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Dallas Fed's Fisher, Philadelphia Fed leaders to retire in 2015

WASHINGTON — The outspoken president of the Federal Reserve Bank of Philadelphia will step down in March, shortly before the central bank is expected to raise interest rates for the first time since the recession, the regional bank said Monday.

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RadioShack sees stock jump on investment report

Fort Worth-based RadioShack saw its stock increase as much as 45 percent on Friday as investor Standard General LP said it was continuing talks on new financing for the electronics retailer.

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Fort Worth couple gets in 'Shark Tank,' comes out with deal

A Fort Worth couple who started a business when they couldn’t sleep, were the first entrepreneurs to get a deal on ABC’s Shark Tank in the season premiere on Sept. 26.

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Internal audit says EPA mismanaged Fort Worth project

FORT WORTH, Texas (AP) — An internal audit by the U.S. Environmental Protection Agency reveals the agency mismanaged an experiment using new ways to demolish asbestos-ridden buildings.

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Weatherford's Wild Mushroom to open in Fort Worth's Ridglea Village

Weatherford restaurant staple The Wild Mushroom Steak House & Lounge will be coming to Fort Worth in November, moving into the former site of Ray’s Steakhouse at to 3206 Winthrop Ave. in the Ridglea Village Shopping Center.

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GM unveils natural gas-powered Impala

GM unveiled the new Impala Wednesday at an energy summit in Washington marking the 40th anniversary of the OPEC Oil Embargo.
Credit: Courtesy: General Motors

James O'Toole

NEW YORK (CNNMoney) -- General Motors announced plans Wednesday to produce a new Chevy Impala sedan powered by both gasoline and natural gas.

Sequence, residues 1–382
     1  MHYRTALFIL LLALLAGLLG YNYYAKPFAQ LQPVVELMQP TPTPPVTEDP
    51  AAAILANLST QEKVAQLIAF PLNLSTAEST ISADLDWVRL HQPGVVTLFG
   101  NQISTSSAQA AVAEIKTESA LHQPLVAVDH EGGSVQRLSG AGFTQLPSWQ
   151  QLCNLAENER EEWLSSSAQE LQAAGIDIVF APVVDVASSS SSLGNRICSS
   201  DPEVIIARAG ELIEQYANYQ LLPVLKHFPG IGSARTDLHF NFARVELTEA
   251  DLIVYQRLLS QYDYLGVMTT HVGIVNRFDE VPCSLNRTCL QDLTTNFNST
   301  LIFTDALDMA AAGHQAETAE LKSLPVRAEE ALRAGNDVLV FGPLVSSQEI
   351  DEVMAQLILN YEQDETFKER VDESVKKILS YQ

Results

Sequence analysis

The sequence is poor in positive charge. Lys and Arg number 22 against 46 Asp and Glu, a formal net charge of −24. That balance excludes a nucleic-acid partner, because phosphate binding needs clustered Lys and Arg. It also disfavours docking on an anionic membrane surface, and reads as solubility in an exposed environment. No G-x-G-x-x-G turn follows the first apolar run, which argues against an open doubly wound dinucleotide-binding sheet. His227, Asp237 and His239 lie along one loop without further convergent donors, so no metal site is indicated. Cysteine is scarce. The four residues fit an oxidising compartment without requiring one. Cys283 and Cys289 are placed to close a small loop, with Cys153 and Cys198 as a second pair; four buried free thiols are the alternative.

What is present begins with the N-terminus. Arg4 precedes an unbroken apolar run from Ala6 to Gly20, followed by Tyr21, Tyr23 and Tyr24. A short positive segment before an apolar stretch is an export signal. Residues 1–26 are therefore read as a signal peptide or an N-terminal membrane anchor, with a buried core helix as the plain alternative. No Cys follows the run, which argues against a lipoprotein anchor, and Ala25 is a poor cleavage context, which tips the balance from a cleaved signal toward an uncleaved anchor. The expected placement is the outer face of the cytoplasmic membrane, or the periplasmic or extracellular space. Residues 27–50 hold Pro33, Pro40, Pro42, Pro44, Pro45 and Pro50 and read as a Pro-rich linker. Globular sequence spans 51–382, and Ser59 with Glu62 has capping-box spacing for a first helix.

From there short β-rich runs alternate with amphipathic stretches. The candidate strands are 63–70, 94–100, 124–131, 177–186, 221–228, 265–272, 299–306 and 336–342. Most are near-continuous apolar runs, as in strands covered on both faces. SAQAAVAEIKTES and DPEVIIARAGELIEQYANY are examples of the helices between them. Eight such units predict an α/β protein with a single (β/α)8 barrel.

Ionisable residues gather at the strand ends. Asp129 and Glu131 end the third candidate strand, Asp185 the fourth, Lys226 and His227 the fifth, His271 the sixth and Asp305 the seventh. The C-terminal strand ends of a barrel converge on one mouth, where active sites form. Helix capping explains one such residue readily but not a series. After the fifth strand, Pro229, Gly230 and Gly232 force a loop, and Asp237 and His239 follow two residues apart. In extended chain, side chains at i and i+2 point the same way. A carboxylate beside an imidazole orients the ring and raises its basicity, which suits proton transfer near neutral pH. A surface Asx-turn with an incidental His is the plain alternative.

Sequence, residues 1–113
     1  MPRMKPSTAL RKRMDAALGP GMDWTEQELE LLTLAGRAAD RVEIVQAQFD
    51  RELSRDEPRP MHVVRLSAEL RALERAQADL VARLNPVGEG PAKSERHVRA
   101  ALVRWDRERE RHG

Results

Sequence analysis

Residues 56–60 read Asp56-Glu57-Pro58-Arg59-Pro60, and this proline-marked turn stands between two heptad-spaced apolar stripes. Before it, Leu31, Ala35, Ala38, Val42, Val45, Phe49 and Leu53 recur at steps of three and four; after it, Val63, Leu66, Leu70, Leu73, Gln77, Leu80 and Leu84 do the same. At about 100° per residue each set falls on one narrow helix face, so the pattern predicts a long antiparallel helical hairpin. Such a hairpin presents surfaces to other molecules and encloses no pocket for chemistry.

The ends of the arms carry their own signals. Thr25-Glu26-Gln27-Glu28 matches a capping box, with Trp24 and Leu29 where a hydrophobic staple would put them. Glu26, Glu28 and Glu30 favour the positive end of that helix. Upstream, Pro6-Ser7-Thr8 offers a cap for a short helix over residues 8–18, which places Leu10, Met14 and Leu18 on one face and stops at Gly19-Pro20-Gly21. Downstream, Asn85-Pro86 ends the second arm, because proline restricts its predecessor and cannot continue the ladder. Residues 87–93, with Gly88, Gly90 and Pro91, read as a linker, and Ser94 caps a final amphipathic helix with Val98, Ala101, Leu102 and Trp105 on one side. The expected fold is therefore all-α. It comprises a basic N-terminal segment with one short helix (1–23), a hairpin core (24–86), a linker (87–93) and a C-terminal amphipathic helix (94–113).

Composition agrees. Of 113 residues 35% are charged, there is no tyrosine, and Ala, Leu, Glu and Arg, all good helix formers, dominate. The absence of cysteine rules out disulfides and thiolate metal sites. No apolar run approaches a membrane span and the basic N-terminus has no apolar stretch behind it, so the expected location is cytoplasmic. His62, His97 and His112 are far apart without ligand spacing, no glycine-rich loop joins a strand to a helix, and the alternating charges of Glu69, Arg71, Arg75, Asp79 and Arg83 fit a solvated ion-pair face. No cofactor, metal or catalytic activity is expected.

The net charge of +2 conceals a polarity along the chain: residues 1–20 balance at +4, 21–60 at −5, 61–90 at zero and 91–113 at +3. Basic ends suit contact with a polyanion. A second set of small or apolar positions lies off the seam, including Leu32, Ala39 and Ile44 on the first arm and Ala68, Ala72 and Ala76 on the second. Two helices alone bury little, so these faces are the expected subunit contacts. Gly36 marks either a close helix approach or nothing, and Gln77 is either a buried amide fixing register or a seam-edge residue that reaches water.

The new Impala will likely go on sale next summer as part of the 2015 model year, GM said. It will be equipped with both a traditional gas tank and a separate compressed natural gas tank mounted in the trunk.

Drivers will have the ability to toggle between fuels, with total range expected to be "up to 500 miles."

The new Impala will join a number of natural-gas-consuming vehicles already on the market, including the Honda Civic, the Chevy Silverado and the GMC Sierra 2500. The vehicles attempt to take advantage of the U.S. shale gas boom unleashed by hydraulic fracturing, or fracking.

Fracking -- a process for extracting fuel by injecting pressurized water and chemicals into the ground -- has drawn concern from environmentalists who warn that it can pollute water supplies and generate toxic waste products. But natural gas has the advantage of burning cleaner than gasoline, producing few greenhouse gas emissions.

"We know that U.S. energy security won't come from a one-off moonshot," GM CEO Dan Akerson said in a speech at a conference in Washington. "It will flow from our systematic investment in technology and innovation .... and it will be assured by fully and safely exploiting our shale gas reserves."

Akerson cautioned that initial sales of the bi-fuel Impala will be modest, with its customer base consisting mostly of commercial and government fleets.

"[S]elling 750 to 1,000 units in the first model year would be a home run," Akerson said.

A big hurdle for bi-fuel vehicles is the scarcity of compressed-natural-gas stations in the U.S. There are about 1,200 nationwide, only half of which are open to the public, Akerson said, compared with over 168,000 retail gasoline stations.

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Arena
What do you think of the new plans for a new Will Rogers arena and changes at the Convention Center?